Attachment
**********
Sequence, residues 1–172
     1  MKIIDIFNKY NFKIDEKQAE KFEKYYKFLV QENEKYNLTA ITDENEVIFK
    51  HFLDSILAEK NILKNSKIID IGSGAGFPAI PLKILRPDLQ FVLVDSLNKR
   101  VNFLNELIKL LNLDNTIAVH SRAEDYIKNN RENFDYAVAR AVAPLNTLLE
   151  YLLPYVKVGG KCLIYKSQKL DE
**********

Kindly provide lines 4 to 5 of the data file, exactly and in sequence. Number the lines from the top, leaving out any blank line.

   101  VNFLNELIKL LNLDNTIAVH SRAEDYIKNN RENFDYAVAR AVAPLNTLLE
   151  YLLPYVKVGG KCLIYKSQKL DE